Africa’s most populous country Nigeria has become the first country in the world to introduce a 5-in-1 vaccine against meningitis, also known as meningitis. According to the World Health Organization (WHO), the Men5CV preparation protects against five so-called serotypes of meningococci at the same time. Meningococci are bacteria and are transmitted to other people through droplets, such as when coughing or sneezing.

The new combination vaccine offers more comprehensive protection than previously used vaccines, which are only effective against one serotype of the pathogen, said WHO Director General Tedros Ghebreyesus. It has the potential to “prevent future outbreaks and save many lives.” The launch in Nigeria brings the world closer to the goal of reversing meningitis by 2030.

The West African country of Nigeria, with a population of 220 million, is located in the so-called meningitis belt of Africa, which includes 26 countries. Last year, the continent experienced a 50 percent increase in reported meningitis cases, according to the WHO. A meningococcal outbreak in Nigeria led to 1,742 suspected cases between October 1st and March 11th, including 101 confirmed cases and 153 deaths. In order to contain the outbreak, a vaccination campaign was initiated in March for a good million people up to the age of 29, the WHO said.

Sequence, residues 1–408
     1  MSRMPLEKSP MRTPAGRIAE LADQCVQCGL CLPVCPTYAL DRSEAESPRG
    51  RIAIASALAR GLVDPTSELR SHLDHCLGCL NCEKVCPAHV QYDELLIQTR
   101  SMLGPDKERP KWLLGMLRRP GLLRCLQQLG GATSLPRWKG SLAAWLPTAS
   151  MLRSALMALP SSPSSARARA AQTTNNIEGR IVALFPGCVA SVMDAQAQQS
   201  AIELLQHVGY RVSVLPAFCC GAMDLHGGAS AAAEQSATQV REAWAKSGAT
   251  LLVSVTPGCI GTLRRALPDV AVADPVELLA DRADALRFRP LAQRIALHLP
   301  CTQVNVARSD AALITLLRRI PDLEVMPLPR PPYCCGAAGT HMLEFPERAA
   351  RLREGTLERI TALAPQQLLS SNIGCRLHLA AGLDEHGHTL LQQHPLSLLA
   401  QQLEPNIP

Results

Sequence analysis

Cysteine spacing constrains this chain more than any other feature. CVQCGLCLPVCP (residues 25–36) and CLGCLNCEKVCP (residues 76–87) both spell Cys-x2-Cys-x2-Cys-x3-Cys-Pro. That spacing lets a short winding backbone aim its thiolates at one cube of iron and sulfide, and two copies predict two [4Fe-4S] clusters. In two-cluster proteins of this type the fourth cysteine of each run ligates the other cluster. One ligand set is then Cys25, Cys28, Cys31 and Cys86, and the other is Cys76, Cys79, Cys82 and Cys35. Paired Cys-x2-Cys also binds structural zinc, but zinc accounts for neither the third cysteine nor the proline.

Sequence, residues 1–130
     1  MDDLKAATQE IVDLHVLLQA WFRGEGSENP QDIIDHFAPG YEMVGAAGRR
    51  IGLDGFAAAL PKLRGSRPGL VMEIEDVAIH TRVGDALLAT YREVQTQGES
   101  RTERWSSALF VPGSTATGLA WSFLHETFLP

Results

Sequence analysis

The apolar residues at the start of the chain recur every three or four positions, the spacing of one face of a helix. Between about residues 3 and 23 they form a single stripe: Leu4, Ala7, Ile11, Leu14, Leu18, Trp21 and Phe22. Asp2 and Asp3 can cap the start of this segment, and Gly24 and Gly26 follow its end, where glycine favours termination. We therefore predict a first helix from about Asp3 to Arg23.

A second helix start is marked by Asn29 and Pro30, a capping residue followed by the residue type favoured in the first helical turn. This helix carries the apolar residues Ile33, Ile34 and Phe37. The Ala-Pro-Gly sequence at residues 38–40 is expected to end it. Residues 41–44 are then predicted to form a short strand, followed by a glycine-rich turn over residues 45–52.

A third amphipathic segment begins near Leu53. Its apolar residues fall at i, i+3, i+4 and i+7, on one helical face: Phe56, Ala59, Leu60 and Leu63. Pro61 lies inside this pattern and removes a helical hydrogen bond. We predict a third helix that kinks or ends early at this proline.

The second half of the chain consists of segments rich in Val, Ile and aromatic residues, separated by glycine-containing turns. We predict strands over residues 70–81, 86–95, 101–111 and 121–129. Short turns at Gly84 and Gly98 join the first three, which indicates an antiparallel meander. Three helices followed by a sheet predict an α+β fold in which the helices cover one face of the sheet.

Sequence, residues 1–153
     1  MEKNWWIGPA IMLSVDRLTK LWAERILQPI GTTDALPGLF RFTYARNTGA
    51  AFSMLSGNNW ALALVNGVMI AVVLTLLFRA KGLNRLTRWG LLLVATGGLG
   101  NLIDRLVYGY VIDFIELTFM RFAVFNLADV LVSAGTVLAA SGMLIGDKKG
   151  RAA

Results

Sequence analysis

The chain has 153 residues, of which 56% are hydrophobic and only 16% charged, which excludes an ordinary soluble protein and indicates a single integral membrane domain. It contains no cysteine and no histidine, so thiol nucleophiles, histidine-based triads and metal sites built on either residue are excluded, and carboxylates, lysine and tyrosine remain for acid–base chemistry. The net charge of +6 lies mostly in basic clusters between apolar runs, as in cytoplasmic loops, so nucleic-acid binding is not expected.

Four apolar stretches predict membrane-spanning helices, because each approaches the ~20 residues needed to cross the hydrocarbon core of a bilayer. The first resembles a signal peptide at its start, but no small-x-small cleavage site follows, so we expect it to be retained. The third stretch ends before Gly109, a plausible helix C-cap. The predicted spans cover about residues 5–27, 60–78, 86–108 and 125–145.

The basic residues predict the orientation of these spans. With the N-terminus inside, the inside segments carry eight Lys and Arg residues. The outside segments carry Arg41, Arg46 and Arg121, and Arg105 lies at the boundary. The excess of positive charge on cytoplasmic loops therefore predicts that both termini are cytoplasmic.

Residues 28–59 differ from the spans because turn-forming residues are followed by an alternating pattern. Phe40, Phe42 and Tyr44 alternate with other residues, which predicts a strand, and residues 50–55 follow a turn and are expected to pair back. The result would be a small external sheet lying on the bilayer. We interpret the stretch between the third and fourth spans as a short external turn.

The first symptoms are similar to those of a flu-like infection

The first symptoms of meningitis are similar to those of a flu infection. The disease worsens very quickly – a life-threatening clinical picture can develop within a few hours. Although meningitis can also be caused by other pathogens such as viruses, bacterial meningitis is the most serious and can also lead to sepsis (blood poisoning). Sick people can suffer severe disabilities or die within 24 hours. Small children are mostly affected.

Meningococci can be easily treated with antibiotics, but the first, rather unspecific symptoms such as headache, fever, chills and dizziness must be correctly interpreted, which is often not the case.

The quintuple vaccine is effective against serotypes A, C, W, Y and X, which cause many diseases in Africa. Serogroup B occurs most frequently in meningococcal infections in Germany, followed by C. The Standing Vaccination Commission (Stiko) has been recommending vaccination for children for C since 2006, and for meningococcal B since the beginning of the year.

World Health Organization press release